Laser capture microdissection coupled mass spectrometry (LCM-MS) for spatially resolved analysis of formalin-fixed and stained human lung tissues
AuthorsHerrera, Jeremy A.; orcid: 0000-0003-4845-8494; email: Jeremy.Herrera@manchester.ac.uk
Montero, Maria Angeles
Schwartz, Martin A.
Swift, Joe; orcid: 0000-0002-5039-9094; email: Joe.Swift@manchester.ac.uk
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AbstractAbstract: Background: Haematoxylin and eosin (H&E)—which respectively stain nuclei blue and other cellular and stromal material pink—are routinely used for clinical diagnosis based on the identification of morphological features. A richer characterization can be achieved by laser capture microdissection coupled to mass spectrometry (LCM-MS), giving an unbiased assay of the proteins that make up the tissue. However, the process of fixing and H&E staining of tissues provides challenges with standard sample preparation methods for mass spectrometry, resulting in low protein yield. Here we describe a microproteomics technique to analyse H&E-stained, formalin-fixed paraffin-embedded (FFPE) tissues. Methods: Herein, we utilize heat extraction, physical disruption, and in column digestion for the analysis of H&E stained FFPE tissues. Micro-dissected morphologically normal human lung alveoli (0.082 mm3) and human lung blood vessels (0.094 mm3) from FFPE-fixed H&E-stained sections from Idiopathic Pulmonary Fibrosis (IPF) specimens (n = 3 IPF specimens) were then subject to a qualitative and then quantitative proteomics approach using BayesENproteomics. In addition, we tested the sensitivity of this method by processing and analysing a range of micro-dissected human lung blood vessel tissue volumes. Results: This approach yields 1252 uniquely expressed proteins (at a protein identification threshold of 3 unique peptides) with 892 differentially expressed proteins between these regions. In accord with prior knowledge, our methodology approach confirms that human lung blood vessels are enriched with smoothelin, CNN1, ITGA7, MYH11, TAGLN, and PTGIS; whereas morphologically normal human lung alveoli are enriched with cytokeratin-7, -8, -18, -19, 14, and -17. In addition, we identify a total of 137 extracellular matrix (ECM) proteins and immunohistologically validate that laminin subunit beta-1 localizes to morphologically normal human lung alveoli and tenascin localizes to human lung blood vessels. Lastly, we show that this micro-proteomics technique can be applied to tissue volumes as low as 0.0125 mm3. Conclusion: Herein we show that our multistep sample preparation methodology of LCM-MS can identify distinct, characteristic proteomic compositions of anatomical features within complex fixed and stained tissues.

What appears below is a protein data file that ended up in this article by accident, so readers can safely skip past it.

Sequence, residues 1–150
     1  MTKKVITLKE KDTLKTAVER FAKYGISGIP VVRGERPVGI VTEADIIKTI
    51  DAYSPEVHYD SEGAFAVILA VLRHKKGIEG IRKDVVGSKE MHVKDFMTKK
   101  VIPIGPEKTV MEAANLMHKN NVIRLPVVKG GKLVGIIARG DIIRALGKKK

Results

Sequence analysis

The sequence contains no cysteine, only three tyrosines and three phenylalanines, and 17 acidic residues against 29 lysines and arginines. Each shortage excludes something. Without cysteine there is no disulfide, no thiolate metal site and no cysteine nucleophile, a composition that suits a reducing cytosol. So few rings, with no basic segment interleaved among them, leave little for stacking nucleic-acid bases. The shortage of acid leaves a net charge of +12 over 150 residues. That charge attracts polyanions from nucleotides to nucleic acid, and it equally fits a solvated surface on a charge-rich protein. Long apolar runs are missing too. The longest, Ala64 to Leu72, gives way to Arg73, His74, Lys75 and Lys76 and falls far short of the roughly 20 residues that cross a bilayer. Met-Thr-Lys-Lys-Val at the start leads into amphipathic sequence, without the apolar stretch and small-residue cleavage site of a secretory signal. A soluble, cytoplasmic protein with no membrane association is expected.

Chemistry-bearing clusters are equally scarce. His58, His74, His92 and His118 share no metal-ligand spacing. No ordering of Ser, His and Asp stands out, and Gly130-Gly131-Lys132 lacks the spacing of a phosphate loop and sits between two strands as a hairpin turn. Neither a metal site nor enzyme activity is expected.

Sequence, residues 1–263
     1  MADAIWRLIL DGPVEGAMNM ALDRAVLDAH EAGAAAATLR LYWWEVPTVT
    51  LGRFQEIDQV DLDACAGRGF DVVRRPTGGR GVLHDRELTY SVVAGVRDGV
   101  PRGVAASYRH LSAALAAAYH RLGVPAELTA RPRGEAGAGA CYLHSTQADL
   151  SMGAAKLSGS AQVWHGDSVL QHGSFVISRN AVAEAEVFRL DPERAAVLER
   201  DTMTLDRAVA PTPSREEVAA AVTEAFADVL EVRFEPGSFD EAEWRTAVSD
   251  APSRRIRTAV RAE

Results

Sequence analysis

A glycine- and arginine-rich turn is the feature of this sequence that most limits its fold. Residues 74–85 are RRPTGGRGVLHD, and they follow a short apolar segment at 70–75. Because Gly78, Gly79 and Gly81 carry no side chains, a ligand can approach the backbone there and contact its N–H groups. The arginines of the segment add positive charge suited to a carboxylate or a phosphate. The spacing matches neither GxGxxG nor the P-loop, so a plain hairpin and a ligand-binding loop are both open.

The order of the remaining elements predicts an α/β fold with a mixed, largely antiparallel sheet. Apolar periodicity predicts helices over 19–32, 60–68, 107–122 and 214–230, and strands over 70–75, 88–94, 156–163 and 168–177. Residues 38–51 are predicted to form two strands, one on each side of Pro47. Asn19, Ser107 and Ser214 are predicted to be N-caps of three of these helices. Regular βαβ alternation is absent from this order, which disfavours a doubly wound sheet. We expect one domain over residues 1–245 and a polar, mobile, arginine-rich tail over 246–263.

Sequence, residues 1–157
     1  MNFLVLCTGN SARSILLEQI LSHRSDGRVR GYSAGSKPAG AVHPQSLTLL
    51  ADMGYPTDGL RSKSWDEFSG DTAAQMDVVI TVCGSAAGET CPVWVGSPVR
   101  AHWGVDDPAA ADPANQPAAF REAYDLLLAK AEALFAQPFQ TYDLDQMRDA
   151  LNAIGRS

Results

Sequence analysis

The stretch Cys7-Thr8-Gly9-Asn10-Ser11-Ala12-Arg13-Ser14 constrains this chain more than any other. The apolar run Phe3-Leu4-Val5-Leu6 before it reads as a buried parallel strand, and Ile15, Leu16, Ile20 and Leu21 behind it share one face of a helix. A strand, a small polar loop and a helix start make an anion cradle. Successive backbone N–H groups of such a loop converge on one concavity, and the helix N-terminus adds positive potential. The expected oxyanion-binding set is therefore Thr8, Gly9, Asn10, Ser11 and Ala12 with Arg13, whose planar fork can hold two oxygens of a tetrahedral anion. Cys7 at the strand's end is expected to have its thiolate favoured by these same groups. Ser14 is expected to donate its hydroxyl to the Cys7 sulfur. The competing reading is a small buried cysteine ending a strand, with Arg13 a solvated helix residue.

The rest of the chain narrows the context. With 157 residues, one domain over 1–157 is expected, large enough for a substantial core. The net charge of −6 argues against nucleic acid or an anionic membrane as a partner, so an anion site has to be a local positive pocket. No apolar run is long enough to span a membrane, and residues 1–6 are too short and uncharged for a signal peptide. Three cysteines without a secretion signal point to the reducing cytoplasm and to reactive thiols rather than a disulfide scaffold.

CitationClinical Proteomics, volume 17, issue 1, page 24
DescriptionFrom Springer Nature via Jisc Publications Router
History: received 2019-11-06, accepted 2020-06-11, registration 2020-06-11, pub-electronic 2020-06-17, online 2020-06-17, pub-print 2020-12
Publication status: Published
Funder: Wellcome Trust; doi: http://dx.doi.org/10.13039/100004440; Grant(s): 203128/Z/16/Z
Funder: Biotechnology and Biological Sciences Research Council; doi: http://dx.doi.org/10.13039/501100000268; Grant(s): BB/L024551/1